Stocks climbed on Tuesday after stronger-than-expected quarterly earnings from such bellwethers as Goldman Sachs and Johnson & Johnson helped ease concerns about a dismal quarterly earnings season.

Dow components Johnson & Johnson and UnitedHealth Group both raised their full-year profit views while Goldman Sachs increased its dividend.

Goldman Sachs shares gained 0.4 percent to $124.97 after the banking company posted earnings that beat expectations and revenue that more than doubled. Goldman's results followed earnings in the two previous sessions from Citigroup Inc , JP Morgan Chase & Co and Wells Fargo .

Shares of Johnson & Johnson, the diversified U.S. healthcare company, rose 1.4 percent to $69.53. In contrast, UnitedHealth shed 1.3 percent to $56.73.

The S&P 500 is on track for its second consecutive advance, and its best two-day run in a month on the heels of last week's 2.2 percent slide. That was the benchmark index's worst weekly decline in four months as investors looked for more evidence on the global economic climate from large multinational companies.

"One of the biggest things coming into this earnings reporting season was this drumbeat for how bad it was going to be," said Art Hogan, managing director of Lazard Capital Markets in New York.

"We went through a period of time last week where we focused on how bad it was going to get, and we've got a chance to get some of that back because the worst-case scenario is not playing out."

The Dow Jones industrial average rose 123.43 points, or 0.92 percent, to 13,547.66. The Standard & Poor's 500 Index gained 14.49 points, or 1.01 percent, to 1,454.62. The Nasdaq Composite Index advanced 33.55 points, or 1.09 percent, to 3,097.73.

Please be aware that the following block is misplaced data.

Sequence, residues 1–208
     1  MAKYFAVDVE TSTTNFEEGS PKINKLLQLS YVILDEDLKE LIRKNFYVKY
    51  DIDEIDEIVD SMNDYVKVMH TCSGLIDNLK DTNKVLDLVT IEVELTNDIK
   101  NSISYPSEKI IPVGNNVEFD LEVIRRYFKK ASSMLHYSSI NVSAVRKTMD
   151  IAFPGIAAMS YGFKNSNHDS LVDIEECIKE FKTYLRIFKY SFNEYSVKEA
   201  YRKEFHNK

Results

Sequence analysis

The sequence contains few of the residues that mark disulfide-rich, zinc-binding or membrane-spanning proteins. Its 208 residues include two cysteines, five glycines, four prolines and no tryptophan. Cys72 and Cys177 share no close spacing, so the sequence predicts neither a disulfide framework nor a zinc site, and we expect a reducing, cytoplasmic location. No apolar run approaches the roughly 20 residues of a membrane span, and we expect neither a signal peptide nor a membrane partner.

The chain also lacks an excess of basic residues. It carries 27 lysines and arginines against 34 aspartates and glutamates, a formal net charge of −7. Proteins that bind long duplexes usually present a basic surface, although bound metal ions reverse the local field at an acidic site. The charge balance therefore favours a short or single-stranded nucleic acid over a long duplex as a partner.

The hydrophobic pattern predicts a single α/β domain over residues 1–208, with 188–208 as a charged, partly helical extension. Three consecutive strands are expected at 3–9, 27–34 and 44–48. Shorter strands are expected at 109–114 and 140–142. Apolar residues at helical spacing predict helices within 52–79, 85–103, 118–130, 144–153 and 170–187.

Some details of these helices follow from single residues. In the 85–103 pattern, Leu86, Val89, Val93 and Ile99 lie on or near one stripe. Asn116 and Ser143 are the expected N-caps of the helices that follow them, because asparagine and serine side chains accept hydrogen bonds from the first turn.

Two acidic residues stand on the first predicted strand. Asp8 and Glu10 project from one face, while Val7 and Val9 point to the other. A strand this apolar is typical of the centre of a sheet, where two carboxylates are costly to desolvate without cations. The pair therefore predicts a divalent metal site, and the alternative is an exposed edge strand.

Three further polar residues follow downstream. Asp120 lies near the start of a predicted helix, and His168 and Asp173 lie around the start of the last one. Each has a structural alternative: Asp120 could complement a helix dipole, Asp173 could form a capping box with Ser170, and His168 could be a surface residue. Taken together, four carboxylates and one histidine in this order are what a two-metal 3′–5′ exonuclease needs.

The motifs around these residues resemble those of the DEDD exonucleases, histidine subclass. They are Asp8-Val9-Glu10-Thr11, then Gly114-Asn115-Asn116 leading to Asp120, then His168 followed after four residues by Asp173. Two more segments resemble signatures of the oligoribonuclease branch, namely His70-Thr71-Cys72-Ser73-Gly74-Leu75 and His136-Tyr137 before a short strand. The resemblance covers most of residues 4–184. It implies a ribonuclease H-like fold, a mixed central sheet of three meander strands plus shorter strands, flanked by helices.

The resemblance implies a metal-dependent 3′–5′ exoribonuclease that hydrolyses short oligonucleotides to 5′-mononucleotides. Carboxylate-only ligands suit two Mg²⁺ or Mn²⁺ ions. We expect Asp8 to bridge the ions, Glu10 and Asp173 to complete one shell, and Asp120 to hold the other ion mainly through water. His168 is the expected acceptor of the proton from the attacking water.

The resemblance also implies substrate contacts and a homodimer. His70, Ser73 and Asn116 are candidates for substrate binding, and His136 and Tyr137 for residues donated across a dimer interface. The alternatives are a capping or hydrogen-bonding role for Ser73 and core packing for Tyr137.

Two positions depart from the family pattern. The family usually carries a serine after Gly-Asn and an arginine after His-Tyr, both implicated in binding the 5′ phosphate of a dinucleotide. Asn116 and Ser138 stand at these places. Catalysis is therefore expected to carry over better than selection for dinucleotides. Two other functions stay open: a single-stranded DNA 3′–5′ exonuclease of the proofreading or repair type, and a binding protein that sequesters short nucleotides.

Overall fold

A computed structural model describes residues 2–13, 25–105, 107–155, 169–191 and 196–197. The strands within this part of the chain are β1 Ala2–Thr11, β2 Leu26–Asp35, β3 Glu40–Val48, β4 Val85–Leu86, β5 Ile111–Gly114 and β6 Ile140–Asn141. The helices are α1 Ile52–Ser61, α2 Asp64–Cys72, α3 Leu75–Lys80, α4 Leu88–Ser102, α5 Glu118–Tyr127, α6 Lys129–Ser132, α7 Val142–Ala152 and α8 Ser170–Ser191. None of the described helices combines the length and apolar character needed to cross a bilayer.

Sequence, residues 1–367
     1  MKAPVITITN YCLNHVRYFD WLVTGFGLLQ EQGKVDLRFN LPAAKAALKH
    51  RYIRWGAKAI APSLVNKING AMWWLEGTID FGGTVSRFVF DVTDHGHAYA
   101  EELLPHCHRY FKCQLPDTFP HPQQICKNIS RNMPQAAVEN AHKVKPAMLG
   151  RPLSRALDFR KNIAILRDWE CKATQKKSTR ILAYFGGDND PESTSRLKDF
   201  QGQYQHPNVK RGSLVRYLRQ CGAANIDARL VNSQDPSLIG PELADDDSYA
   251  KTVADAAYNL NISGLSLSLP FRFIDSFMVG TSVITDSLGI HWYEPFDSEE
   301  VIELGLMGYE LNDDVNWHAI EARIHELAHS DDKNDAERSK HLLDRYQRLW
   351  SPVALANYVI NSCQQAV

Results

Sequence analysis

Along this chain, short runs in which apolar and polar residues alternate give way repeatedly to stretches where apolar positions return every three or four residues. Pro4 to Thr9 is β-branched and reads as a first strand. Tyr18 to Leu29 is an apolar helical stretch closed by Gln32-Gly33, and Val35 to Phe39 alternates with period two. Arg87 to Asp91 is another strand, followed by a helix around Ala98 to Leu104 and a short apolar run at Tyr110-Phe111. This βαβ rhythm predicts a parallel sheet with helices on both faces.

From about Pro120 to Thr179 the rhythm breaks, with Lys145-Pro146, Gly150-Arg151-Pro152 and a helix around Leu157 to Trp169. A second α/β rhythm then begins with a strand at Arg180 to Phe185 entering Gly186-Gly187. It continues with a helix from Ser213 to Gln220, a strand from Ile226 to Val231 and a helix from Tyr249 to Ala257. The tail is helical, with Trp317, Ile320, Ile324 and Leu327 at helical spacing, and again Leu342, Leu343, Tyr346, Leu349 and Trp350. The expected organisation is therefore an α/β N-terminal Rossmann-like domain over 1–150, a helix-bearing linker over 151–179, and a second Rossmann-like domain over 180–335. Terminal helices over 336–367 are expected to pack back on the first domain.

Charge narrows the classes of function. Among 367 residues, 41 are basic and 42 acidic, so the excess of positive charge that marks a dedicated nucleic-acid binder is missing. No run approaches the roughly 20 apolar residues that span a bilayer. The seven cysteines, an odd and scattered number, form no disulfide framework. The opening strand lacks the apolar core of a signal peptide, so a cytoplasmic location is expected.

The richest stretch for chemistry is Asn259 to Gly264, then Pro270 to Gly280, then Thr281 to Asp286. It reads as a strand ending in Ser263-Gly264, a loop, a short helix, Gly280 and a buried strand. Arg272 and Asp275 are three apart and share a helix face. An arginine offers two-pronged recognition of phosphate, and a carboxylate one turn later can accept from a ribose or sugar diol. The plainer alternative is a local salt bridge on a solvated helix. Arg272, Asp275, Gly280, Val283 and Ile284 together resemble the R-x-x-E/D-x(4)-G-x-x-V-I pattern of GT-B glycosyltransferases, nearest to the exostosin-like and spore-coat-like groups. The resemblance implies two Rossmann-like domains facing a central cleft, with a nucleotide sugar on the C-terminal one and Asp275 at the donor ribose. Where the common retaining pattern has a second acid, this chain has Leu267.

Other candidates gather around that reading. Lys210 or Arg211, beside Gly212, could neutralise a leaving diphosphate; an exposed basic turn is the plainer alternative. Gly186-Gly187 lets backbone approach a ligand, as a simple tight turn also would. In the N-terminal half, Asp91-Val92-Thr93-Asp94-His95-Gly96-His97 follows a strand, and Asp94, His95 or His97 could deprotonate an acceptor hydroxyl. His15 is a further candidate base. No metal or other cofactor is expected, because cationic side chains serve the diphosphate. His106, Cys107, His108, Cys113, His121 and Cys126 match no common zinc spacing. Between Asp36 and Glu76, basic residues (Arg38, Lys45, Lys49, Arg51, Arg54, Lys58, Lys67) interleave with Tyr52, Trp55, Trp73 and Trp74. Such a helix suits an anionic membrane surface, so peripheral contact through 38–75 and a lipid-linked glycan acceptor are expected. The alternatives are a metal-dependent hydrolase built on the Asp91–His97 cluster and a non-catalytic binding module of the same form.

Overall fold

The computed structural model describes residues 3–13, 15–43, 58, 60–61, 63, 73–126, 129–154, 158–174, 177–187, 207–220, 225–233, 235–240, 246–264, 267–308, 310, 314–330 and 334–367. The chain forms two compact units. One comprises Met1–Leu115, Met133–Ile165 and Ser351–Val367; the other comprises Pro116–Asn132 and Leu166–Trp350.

Coca-Cola Co also reported a rise in earnings, but quarterly revenue came in short of Wall Street's expectations, hurt by declines in Europe and Asia. Its stock slid 0.8 percent to $37.81.

Citigroup unexpectedly announced that Chief Executive Vikram Pandit had resigned effective immediately, along with Chief Operating Officer John Havens. Michael Corbat, previously chief executive for Europe, Middle East and Africa, was named to succeed Pandit.

The announcement came one day after a surprisingly strong quarterly earnings report. Citigroup's stock gained 1 percent to $37.03.

"It certainly is a bit of a shock," said Jeff Morris, head of U.S. equities at Standard Life Investments in Boston. "Certainly the transitioning and the messaging was more abrupt than I think anybody would have anticipated."

As earlier profit warnings from large multinationals left investors leery of the third-quarter earnings season, Tuesday's earnings helped decrease concerns about the global economy. Materials stocks, closely tied to economic fortunes, were the S&P 500's best performers. The S&P materials index gained 2.2 percent.

Quarterly profits of S&P 500 companies are seen dropping 2.3 percent from the year-ago period, according to Thomson Reuters data through Tuesday morning. With about 10 percent of S&P companies having reported, 60 percent have topped profit expectations, under the average beat rate of 67 percent for the past four quarters.

Intel and International Business Machines Corp are scheduled to report earnings after the closing bell. Their results will be among the first major earnings reports from the tech sector, which has been hit by a number of profit warnings, including from Intel.

In Tuesday afternoon trading, Intel's stock rose 2.4 percent to $22.26. IBM shares rose 0.8 percent to $210.54.

Economic data showed the overall U.S. Consumer Price Index rose 0.6 percent in September as the cost of gasoline surged, posing a threat to consumers' spending power. On the other hand, inflation pressures look unlikely to derail the Federal Reserve's ultra-easy policy path.

(Reporting by Chuck Mikolajczak; Editing by Jan Paschal)